As for Barak, the most significant element of his campaign is the way he has been targeting Livni, not Netanyahu. More than anyone else, he has played on the “think twice before voting for a woman” card. When Livni called for tough action in the wake of renewed rocket fire from Gaza this week, Barak referred to her as “gveret mebarberet” — the chattering lady — and said he found it difficult to see people who had never held a gun or fought a battle calling for military action.
In contrast, Barak, a former chief of staff of the Israel Defense Forces, highlights his performance as defense minister in the 22-day war against Hamas in Gaza. Given Israel’s tough security environment, he suggests that anyone who can manage the defense portfolio can also serve as prime minister.
But Barak’s chances of actually winning the election seem negligible. According to the polls, the best he can hope for is perhaps to supplant Livni as runner-up.
Whether or not Labor finishes ahead of Kadima, Barak’s post-election dilemma is likely to be whether to join a Netanyahu government that includes the hawkish Lieberman. As much as Barak would like to stay on as defense minister under Netanyahu, there are strong voices in Labor insisting that if Lieberman, who is advocating a “loyalty test” for Israeli Arabs and says only he knows how “to deal” with them, they will stay out in principle.
Netanyahu, however, will find it difficult to keep out Lieberman. Indeed, Lieberman has been the big story of the 2009 election. Latest polls give his strident Yisrael Beiteinu Party about 16 Knesset seats, with some even placing it ahead of Labor as the country’s third-largest party.
Lieberman, who emigrated from the Soviet Union in 1979, started his political life close to Netanyahu in the Likud. In 1999, after a falling-out with the then-prime minister, Lieberman founded a small Russian immigrant party, which has since developed into a major force on the international stage.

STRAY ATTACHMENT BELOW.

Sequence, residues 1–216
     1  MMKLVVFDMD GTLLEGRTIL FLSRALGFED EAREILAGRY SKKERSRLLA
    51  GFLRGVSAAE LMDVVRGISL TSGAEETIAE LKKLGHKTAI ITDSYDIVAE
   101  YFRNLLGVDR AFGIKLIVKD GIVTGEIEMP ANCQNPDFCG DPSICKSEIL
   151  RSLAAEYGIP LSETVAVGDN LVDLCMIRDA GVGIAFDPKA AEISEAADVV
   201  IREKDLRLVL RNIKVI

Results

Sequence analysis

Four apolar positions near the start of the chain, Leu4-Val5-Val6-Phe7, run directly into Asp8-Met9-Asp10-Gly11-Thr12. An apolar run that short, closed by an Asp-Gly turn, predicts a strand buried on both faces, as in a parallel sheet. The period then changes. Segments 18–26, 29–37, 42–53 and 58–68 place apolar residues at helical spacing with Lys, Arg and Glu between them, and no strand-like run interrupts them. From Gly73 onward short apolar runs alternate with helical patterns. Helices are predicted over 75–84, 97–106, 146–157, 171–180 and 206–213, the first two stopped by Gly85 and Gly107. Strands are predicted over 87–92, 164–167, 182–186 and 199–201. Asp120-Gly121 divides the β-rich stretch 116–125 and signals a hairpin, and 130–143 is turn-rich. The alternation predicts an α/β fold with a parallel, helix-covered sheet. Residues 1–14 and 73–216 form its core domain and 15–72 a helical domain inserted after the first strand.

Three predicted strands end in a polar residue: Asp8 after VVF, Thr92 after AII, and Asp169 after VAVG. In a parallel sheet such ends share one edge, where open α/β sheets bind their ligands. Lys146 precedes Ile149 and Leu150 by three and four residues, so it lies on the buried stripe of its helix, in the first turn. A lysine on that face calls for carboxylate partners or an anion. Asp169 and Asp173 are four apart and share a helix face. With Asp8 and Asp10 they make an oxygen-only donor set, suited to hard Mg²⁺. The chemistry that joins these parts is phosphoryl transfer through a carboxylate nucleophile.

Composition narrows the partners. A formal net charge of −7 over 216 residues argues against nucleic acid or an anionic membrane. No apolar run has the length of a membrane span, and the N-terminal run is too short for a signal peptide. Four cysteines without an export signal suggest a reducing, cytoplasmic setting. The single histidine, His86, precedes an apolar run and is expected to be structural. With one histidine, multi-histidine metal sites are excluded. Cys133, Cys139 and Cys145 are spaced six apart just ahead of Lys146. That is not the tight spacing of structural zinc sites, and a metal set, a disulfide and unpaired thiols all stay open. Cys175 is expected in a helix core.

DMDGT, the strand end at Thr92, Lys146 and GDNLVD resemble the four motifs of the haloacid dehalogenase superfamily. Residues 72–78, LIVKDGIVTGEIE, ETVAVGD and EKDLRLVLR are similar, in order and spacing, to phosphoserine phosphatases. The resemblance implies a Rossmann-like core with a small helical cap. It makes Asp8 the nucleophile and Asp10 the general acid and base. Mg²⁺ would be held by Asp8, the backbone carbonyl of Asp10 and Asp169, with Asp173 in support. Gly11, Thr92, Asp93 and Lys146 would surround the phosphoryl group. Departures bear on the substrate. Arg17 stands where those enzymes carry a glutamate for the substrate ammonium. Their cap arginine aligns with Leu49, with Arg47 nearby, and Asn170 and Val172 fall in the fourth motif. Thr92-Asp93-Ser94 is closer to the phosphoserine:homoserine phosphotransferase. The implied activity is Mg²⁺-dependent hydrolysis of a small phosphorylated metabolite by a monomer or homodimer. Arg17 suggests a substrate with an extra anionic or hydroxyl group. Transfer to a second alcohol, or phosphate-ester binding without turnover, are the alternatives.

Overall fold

In this election, he calculatingly fanned anti-Arab sentiment to build a wide base of electoral support. The showdown with Hamas and the widespread criticism by Israeli Arabs of the devastation in Gaza helped his cause. His main election slogan — “No citizenship without loyalty” — suggests that if empowered he would deny citizenship and its concurrent voting rights to Israeli Arabs. Lieberman’s many critics on the left accuse him of racism.
One thing that could prevent him from becoming a minister in the next government is the fact that police have just accelerated a long-standing criminal investigation against him involving the alleged laundering of huge sums of money. The probe might actually help Lieberman win more seats — many see its sudden renewal just days before the election as a part of a conspiracy against Lieberman.
But if he is indicted or if the attorney general disqualifies him from serving in the new government because of the allegations against him, he would not be able to join the coalition, making it easier for Barak to lead Labor into a Netanyahu administration.
What could change things and have all the pollsters eating their hats? Thirty percent of voters say they are still undecided. If they have not been factored in by the pollsters, Feb. 10 could still provide a surprise twist or two.